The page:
Marlins 4, Cubs 2: Where’s the timely hitting and defense?

The Cubs’ last 14 games have gone this way:

W, L, W, L, W, L, W, W, W, L, W, L, W, L

This isn’t another one of those, “Man, this game could send them on a long _______ streak” recaps. Instead, it’s wondering when this team will play with any consistency. That’s a record of 8-6 over those 14 games, not bad, but not really that good either. And the frustrating part is that the Brewers, who the Cubs are chasing in the N.L. Central (a phrase I never thought I’d be writing in 2017) have gone just 7-7 over that span (pending their game Sunday which they are leading 7-0 in the eighth at this writing).

Meaning that if the Cubs could have done just a bit better over that stretch, they’d be in first place, not 1½ games behind the Brewers after a tough 4-2 loss to the Marlins Sunday afternoon left them with a series split. That 1½-game deficit presumes the Brewers go on to win that game against the Braves.

This one had everything bad that we’ve been seeing over the last few weeks and months:

  • First-inning runs allowed
  • Many baserunners but a lack of hitting with RISP
  • And, for good measure, a double play that took them out of a run-scoring opportunity

Mike Montgomery actually threw a very good game, six innings’ worth of four-hit ball. Unfortunately, two of those hits came after Addison Russell had made an error on Ichiro Suzuki’s leadoff grounder. Tough error, I thought it could have been given a hit to the future Hall of Famer. No matter, all that accomplished was making the three runs that eventually scored off Montgomery unearned.

For his part, Russell left the game in the bottom of the fourth. Here’s why:

The right shoulder has been giving Russell trouble off and on this year. Here’s hoping this doesn’t mean a DL stint.

Joke coming!

If it does mean a trip to the disabled list, the Cubs will just call up another relief pitcher.

No, I didn’t mean that. And I’m pretty sure the Cubs wouldn’t do that. Right?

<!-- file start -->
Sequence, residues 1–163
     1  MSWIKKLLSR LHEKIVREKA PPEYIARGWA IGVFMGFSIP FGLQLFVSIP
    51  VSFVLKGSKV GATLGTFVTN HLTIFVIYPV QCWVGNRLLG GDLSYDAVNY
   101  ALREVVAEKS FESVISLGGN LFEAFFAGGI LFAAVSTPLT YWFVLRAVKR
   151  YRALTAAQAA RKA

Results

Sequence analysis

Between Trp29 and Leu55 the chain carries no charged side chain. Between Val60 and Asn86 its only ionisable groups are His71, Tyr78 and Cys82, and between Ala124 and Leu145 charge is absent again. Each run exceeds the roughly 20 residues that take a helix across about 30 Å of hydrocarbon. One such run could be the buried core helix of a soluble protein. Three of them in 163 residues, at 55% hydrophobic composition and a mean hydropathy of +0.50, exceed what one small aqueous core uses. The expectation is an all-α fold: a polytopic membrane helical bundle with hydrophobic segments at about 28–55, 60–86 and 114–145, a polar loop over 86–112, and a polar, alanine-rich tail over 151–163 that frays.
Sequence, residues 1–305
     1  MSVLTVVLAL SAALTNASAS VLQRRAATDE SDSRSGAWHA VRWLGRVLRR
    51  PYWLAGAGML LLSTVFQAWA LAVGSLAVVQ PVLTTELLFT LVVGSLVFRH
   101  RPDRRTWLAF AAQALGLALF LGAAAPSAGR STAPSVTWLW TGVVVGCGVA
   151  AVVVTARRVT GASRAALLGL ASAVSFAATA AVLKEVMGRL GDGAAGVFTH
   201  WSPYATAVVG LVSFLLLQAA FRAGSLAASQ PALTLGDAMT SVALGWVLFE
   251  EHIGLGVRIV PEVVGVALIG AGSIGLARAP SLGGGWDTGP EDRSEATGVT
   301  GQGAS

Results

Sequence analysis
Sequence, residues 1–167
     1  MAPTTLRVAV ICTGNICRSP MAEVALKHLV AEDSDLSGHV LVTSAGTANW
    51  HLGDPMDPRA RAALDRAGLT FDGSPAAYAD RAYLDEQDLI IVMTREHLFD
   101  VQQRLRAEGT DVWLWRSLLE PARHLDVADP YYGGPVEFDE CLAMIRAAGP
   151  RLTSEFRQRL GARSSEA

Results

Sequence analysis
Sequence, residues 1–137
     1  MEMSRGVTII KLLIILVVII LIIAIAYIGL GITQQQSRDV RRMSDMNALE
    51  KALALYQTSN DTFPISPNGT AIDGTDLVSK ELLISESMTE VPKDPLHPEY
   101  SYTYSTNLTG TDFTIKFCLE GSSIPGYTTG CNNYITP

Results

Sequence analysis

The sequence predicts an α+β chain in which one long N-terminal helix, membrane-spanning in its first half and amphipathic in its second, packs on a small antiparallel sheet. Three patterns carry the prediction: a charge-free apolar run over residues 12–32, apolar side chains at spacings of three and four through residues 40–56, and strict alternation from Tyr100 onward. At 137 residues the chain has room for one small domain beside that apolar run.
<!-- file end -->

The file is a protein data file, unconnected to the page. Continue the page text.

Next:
As it was, with a three-man bench the Cubs had to get creative with position switches. Ian Happwent to second base from center field (and later made a nice snag on a line drive hit by Derek Dietrich), Javier Baez moved from second base to shortstop, Kris Bryant shifted from right field to center, and Willson Contreras came into the game in right field.

That last move, I thought was a bit strange. Why not play Jon Jay in right field and Contreras in left?

The defensive switches were the least of the Cubs’ worries. They loaded the bases in the second inning on walks, but did not score. They loaded the bases again in the fourth inning, this time on three straight singles, and that time at least scored one run, on a sacrifice fly by Anthony Rizzo.

They made it 3-2 in the fifth when Contreras led off with a walk and went to third on a single by Miguel Montero. Yet another sacrifice fly, this one hit by Tommy La Stella, plated the second Cubs run of the afternoon.

The Marlins increased their lead to 4-2 when Giancarlo Stanton hit a laser beam of a home run off Pedro Strop in the seventh.

But that was it. The Cubs did get a runner on base in the eighth when Mark Zagunis walked, but that went nowhere. So did the ninth against Marlins closer A.J. Ramos. In all the Cubs left 11 men on base — even while going 2-for-6 with RISP.

For his part, Zagunis has looked overmatched in his brief time in the big leagues. He went 0-for-10 with two walks in this series. Unfortunately, the Cubs don’t really have any other options while Jason Heyward remains on the disabled list.

The good news was Montgomery’s second consecutive solid start. He looks like he might actually stick in the rotation. That’s good news, and the starting rotation has actually been very good through that 14-game stretch. It’s the bullpen and lack of timely hitting that have caused most of those “L”s.

The Cubs open their four-game series at Washington Monday night. Eddie Butler goes for the Cubs and Gio Gonzalez for the Nats.